Aesop Rock Labor Days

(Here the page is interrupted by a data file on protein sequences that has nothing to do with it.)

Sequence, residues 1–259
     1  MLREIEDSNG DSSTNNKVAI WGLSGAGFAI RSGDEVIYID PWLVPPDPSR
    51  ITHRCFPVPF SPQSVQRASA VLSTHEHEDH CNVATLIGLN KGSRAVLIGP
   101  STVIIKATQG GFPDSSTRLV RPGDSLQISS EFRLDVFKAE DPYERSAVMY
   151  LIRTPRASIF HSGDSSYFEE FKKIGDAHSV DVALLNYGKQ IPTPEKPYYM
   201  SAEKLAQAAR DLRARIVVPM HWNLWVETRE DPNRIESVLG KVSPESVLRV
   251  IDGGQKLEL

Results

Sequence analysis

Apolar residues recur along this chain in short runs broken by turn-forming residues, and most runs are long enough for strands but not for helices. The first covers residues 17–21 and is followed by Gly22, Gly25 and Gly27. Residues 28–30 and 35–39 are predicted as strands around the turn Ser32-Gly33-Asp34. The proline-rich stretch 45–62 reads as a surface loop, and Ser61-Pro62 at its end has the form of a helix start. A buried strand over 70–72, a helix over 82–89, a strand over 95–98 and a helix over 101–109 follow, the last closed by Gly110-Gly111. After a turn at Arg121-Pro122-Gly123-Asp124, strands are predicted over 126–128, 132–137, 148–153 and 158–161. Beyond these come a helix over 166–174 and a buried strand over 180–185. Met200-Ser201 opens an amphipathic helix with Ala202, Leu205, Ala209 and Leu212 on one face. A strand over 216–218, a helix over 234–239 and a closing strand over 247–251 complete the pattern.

While everyone's proclaiming Cannibal Ox, Aesop Rock's label-mate at Definitive Jux, as having released a classic album with their debut, The Cold Vein, little attention is being paid to Aesop Rock himself. On his self-released Music for Earthworms and Appleseed, and his Mush debut, Float, Aesop Rock presented his multi-syllabic mastery of the monotone, a technique that succeeds under Aesop's control, and while he continues to maintain his monotone flow with few inflections and little variance on Labor Days, he does switch up his flow occasionally, most noticeably on the last verse of "Save Yourself," when he goes double-time, Dirty South-style. But, at the risk of belittling Aesop Rock's role on his own album, what may make this the classic Aesop Rock album is the improvement of the beats. Earthworms and Appleseed were short enough to leave a listener wanting more. On Float, the beats were sometimes indistinguishable and rarely very spectacular. This time, however, Aesop Rock, Omega One and Blockhead add many elements to their production, creating great background soundscapes for "Daylight," "Battery" and "One Brick." Both "The Yes and the Y'all" and "9-5ers Anthem" are harder than anything from Float, and there is a completely different sound supplied for Aesop with "Save Yourself." While "No Regrets" shines due to a great narrative supplied by Aesop Rock, other great tracks are "Flashflood," Boombox," "Coma" and "Daylight" - damn it, all of them! Let's just say Labor Days is a great album if your fast forward button is busted but not if the rewind button is the broken one. (Definitive Jux)